When things are broken, it’s easy to fixate on the fix. You get consumed by what should be, and start to imagine things that way, overlooking the cracks, the stains, the dead light bulbs, the mess. Much of the time, we live in denial of how things are, right now. We press forward into perfection, buoyed by craving and delusion. I think a lot lately about the concept of renewal, and what it means in the face of brokenness—broken relationships, broken plans, broken pasts.
We believe that labor will cure what ails you, whether it’s physical or mental or emotional—it may not be the quickest path, but it’s a righteous one and it feels good. Zizou and I hike together, in matching gear and early in the morning, through the forests of Ohio, Pennsylvania, and New York. The tricky thing is discerning when the work is a process of mourning and when it becomes a process of avoidance. But it pulls me out of bed in the morning, it requires a cup of coffee and some clarity of thought, and it gets my feet moving underneath me.
Somewhere in your body
there is a hole
full of memories…
A panic followed me into the St. Mary’s River where I’d hoped for a clear-eyed, early morning canoe trip on glassy water. I rolled up my pants and pushed off the sand with my left foot, the other inside the boat on its center line, my hands steadying me on either lip of the canoe’s thin walls. Paddling up the bank, I looked down into the muddy water next to me at the occasional stones. I steered clear of the channel’s current, never going too deep, yet both the murky unknown and the riverbed terrain, where I could see it, were frightful, one mysterious in its opacity and the other bone-chillingly undisturbed, like a graveyard. I trained my eye on the shoreline ahead, paddling assiduously, keeping up pace and imagining my grandmother’s petite figure on the bow seat as it often was, once, a Velcro back brace stiffening her posture, laid over a white turtleneck and hidden by a woolen sweater. This imagined scene didn’t much calm me; a haunted canoe ride wouldn’t soothe my …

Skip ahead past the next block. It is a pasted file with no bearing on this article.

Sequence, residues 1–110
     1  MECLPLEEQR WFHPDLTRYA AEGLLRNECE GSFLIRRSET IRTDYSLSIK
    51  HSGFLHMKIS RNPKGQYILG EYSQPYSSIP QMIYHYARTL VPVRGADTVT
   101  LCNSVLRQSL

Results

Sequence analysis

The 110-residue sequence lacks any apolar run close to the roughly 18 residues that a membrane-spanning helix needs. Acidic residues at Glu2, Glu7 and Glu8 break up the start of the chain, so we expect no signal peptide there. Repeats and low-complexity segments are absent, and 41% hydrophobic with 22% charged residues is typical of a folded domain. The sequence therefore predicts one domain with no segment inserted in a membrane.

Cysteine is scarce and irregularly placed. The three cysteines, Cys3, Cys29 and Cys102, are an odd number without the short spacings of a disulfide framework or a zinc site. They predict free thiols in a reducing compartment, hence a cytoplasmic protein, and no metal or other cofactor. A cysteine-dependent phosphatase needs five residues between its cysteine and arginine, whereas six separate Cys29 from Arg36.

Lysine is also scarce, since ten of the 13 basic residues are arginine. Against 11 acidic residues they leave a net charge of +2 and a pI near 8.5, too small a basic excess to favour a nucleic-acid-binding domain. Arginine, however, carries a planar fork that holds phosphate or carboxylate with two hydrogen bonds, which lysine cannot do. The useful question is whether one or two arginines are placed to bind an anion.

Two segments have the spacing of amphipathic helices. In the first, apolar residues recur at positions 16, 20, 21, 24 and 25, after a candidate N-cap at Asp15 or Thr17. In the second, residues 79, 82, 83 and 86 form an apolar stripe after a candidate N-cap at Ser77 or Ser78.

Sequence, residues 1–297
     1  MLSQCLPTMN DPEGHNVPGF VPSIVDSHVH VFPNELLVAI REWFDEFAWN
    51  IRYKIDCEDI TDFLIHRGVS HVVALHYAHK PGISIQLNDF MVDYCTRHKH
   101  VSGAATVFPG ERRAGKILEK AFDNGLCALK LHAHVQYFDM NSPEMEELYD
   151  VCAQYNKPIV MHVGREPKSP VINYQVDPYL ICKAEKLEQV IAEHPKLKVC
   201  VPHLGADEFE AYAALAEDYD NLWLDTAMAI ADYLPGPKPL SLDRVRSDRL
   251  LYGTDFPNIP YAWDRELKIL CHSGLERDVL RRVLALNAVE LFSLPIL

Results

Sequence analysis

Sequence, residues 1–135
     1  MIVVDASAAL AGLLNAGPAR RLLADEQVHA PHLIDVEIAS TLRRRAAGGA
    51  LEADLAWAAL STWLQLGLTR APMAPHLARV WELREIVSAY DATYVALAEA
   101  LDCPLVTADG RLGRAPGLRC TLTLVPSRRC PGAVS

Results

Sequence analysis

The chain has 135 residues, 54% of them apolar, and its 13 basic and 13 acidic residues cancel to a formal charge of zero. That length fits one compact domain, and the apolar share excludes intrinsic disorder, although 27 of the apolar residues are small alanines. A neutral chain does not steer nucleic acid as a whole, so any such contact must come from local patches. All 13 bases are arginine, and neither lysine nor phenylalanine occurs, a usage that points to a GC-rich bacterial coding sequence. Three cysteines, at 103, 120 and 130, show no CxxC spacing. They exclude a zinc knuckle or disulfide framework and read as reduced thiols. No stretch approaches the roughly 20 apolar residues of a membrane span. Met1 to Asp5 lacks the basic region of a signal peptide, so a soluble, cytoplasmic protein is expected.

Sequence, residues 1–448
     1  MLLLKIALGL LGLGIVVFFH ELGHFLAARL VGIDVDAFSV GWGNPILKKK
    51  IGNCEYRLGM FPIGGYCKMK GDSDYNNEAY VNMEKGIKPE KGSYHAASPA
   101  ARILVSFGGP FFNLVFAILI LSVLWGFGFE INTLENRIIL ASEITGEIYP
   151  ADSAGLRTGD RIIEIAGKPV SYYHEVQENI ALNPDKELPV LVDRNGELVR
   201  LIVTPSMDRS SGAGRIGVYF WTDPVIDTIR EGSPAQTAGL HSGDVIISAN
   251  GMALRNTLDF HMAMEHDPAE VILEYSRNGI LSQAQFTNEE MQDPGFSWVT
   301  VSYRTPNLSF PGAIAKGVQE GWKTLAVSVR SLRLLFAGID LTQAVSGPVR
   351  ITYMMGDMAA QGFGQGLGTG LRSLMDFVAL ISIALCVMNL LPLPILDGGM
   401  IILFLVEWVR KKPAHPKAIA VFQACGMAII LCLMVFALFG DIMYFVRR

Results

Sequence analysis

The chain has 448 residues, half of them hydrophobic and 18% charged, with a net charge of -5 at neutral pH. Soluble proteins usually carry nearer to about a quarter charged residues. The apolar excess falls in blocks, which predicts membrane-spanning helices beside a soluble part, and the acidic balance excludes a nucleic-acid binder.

Amigos! Saxiibo! Les amis! Friends! How’s the week going? You’ve nearly reached the end, hope you’ve got something smashing planned. I’ll be… working, but working on new and interesting things, so I don’t mind so much. But first… out to the kitchen to make bread pudding with half a loaf of leftover Irish soda bread I baked for St. Patrick’s Day. Because everyone’s Irish on St. Patrick’s Day, including Americans in the Horn of Africa. Here’s a few links to keep you bobbing along into the weekend!
Set the meditation timer to five minutes. Consider whether you set a low bar for yourself in all aspects of your life. Set the timer to ten minutes. Remember that you have 14 things to do before the day officially begins, and set the timer back to five minutes. Allow all the nagging thoughts of errands and obligations and forgotten tasks to simply fall away… so that deeper fears of self-doubt and wasted purpose can really come to the fore and shine. Glance down at the timer, notice you’ve winningly achieved 43 seconds of mindful bliss. Add the State of Nirvana to your dream destination list, pack it in and get on with your day.